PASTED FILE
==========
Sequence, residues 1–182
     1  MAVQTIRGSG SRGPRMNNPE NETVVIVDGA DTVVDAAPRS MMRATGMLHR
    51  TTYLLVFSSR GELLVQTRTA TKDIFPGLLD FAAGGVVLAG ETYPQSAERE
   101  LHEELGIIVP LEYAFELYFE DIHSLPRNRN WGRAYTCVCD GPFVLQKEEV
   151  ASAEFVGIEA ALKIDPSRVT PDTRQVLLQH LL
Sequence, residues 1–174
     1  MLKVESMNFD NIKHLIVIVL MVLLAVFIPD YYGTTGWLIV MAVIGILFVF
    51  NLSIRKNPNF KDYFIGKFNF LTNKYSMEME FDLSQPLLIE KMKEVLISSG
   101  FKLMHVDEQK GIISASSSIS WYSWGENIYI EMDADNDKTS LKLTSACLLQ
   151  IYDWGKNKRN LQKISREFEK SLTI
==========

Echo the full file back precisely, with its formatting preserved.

Sequence, residues 1–182
     1  MAVQTIRGSG SRGPRMNNPE NETVVIVDGA DTVVDAAPRS MMRATGMLHR
    51  TTYLLVFSSR GELLVQTRTA TKDIFPGLLD FAAGGVVLAG ETYPQSAERE
   101  LHEELGIIVP LEYAFELYFE DIHSLPRNRN WGRAYTCVCD GPFVLQKEEV
   151  ASAEFVGIEA ALKIDPSRVT PDTRQVLLQH LL
Sequence, residues 1–174
     1  MLKVESMNFD NIKHLIVIVL MVLLAVFIPD YYGTTGWLIV MAVIGILFVF
    51  NLSIRKNPNF KDYFIGKFNF LTNKYSMEME FDLSQPLLIE KMKEVLISSG
   101  FKLMHVDEQK GIISASSSIS WYSWGENIYI EMDADNDKTS LKLTSACLLQ
   151  IYDWGKNKRN LQKISREFEK SLTI